Megan Amram, who created the tongue-in-cheek short-form series “An Emmy for Megan” for the express purpose of winning an Emmy, has failed to win an Emmy for the show for the second year in a row.
But the way in which she lost in the Outstanding Short Form Comedy or Drama Series category this year may have a particular sting to it — because Television Academy voters gave the prize to Nick Hornby’s series “State of the Union,” a show that wouldn’t even have been nominated if it weren’t for “An Emmy for Megan.”
One of the episodes in the first season of “An Emmy for Megan” in 2018 specifically pointed out that the Academy didn’t have any rules about minimum length for a short-form episode. That episode lasted less than 30 seconds — and after last year’s Emmys, the Academy changed its rules to require that short-form series consist of at least six episodes with a minimum running time of two minutes.
The rule change was clearly prompted by “An Emmy for Megan,” but it ended up affecting, and disqualifying, a different show entirely. “Better Call Saul Employee Training: Madrigal Electromotive Security,” a “Better Call Saul” spinoff web series, had its nomination rescinded when it was found not to meet the minimum length requirement.
Its spot was taken by the sixth-place finisher, “State of the Union,” a comedy directed by Stephen Frears and starring Chris O’Dowd and Rosamund Pike. And the joke is on Amram, because “State of the Union” wouldn’t have been able to defeat “An Emmy for Megan” if it hadn’t been for “An Emmy for Megan.”
“If that series wins, I will obviously be devastated,” Amram told TheWrap in August. “But it also will show just how random and insane these Emmys are. So maybe I’ll put all my support behind them.”
In the press room after accepting the award for “State of the Union,” actor Chris O’Dowd (who also won for the show, as did his co-star Rosamund Pike), was reminded that his series had not even been nominated initialluy. initially. “Seems dodgy. The whole thing seems suspect,” he joked, before adding, “I kind of missed what happened at the start of all that. But I’m delighted that it did.”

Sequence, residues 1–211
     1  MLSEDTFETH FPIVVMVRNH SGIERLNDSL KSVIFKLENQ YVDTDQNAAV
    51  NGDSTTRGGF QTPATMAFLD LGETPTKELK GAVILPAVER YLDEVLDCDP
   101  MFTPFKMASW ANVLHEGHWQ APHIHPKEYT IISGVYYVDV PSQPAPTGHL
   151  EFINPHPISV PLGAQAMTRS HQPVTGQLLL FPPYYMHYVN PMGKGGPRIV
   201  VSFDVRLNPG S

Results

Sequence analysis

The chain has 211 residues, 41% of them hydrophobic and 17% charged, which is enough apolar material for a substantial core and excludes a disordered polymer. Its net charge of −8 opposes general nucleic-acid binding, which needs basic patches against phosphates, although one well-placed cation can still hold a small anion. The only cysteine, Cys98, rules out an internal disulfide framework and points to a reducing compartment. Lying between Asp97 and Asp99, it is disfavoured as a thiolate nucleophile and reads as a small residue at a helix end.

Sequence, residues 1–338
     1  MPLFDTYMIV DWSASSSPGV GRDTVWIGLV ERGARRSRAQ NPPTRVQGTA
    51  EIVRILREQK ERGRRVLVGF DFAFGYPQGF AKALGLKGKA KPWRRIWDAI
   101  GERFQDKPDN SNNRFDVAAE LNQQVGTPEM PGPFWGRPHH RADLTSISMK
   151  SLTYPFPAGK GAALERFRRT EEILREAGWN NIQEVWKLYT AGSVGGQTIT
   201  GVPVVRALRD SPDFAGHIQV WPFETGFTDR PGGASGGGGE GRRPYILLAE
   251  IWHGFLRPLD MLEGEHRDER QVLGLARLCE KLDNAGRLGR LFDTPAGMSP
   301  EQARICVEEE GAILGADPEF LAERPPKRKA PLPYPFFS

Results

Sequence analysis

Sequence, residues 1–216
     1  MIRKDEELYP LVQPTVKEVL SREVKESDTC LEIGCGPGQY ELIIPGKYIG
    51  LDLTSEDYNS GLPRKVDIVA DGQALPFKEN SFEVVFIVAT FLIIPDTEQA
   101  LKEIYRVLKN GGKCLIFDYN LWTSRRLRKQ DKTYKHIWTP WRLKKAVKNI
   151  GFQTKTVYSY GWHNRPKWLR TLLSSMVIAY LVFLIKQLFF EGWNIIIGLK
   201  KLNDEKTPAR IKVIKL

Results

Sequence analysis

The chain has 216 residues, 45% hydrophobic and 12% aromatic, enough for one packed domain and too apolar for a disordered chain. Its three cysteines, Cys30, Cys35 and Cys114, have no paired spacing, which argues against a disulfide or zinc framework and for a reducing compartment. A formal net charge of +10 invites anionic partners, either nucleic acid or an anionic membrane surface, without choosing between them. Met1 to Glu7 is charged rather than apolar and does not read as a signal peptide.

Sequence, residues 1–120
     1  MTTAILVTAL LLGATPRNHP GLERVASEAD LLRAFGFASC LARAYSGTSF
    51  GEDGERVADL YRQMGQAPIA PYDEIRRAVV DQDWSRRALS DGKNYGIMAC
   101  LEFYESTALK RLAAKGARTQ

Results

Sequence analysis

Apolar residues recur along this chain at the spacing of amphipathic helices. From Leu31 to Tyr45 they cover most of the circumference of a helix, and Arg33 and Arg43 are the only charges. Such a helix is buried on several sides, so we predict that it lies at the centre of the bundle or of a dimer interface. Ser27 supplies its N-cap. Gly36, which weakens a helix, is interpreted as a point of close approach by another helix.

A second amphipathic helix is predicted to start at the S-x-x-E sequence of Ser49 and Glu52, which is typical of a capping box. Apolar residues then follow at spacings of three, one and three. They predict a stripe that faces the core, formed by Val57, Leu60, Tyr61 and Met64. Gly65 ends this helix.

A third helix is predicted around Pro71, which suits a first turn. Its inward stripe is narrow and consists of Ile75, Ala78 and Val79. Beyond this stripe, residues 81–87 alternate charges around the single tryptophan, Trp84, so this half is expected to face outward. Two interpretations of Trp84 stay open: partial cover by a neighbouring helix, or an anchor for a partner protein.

Amram, whose day job is as a writer and producer on “The Good Place,” created “An Emmy for Megan” in 2018 as something of a spoof on awards mania in Hollywood. The show purports to exist solely to campaign for an Emmy, though it is also a sharp and satiric look at Hollywood that includes appearances from Ted Danson, Alex Borstein, D’Arcy Carden, Jimmy Kimmel, Lin-Manuel Miranda, Shannon Woodward and Patton Oswalt, who was himself nominated for short-form acting this year for the brief appearances he makes as himself at the end of each episode.
In her interview with TheWrap in August, Amram said that she had plenty of material for a Season 3, but that she would have to end the series if she ever won an Emmy. “I think my new push has to be, ‘Give me an Emmy so I can stop — please,” she said.
Given the way she lost her Emmy this year, it’s safe to say that Season 3 is not far off.
Margeaux Sippell contributed to this report.